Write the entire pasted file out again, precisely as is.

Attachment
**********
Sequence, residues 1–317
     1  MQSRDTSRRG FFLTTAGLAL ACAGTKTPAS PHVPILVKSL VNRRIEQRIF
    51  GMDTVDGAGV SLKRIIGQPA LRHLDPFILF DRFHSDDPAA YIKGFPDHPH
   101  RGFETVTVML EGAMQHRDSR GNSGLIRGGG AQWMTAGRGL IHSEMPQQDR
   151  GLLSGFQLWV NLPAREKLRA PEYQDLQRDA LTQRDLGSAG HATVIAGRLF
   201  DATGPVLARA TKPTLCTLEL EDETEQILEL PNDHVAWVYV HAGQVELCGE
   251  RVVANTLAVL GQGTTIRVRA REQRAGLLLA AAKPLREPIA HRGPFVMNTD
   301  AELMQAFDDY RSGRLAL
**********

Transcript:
Sequence, residues 1–317
     1  MQSRDTSRRG FFLTTAGLAL ACAGTKTPAS PHVPILVKSL VNRRIEQRIF
    51  GMDTVDGAGV SLKRIIGQPA LRHLDPFILF DRFHSDDPAA YIKGFPDHPH
   101  RGFETVTVML EGAMQHRDSR GNSGLIRGGG AQWMTAGRGL IHSEMPQQDR
   151  GLLSGFQLWV NLPAREKLRA PEYQDLQRDA LTQRDLGSAG HATVIAGRLF
   201  DATGPVLARA TKPTLCTLEL EDETEQILEL PNDHVAWVYV HAGQVELCGE
   251  RVVANTLAVL GQGTTIRVRA REQRAGLLLA AAKPLREPIA HRGPFVMNTD
   301  AELMQAFDDY RSGRLAL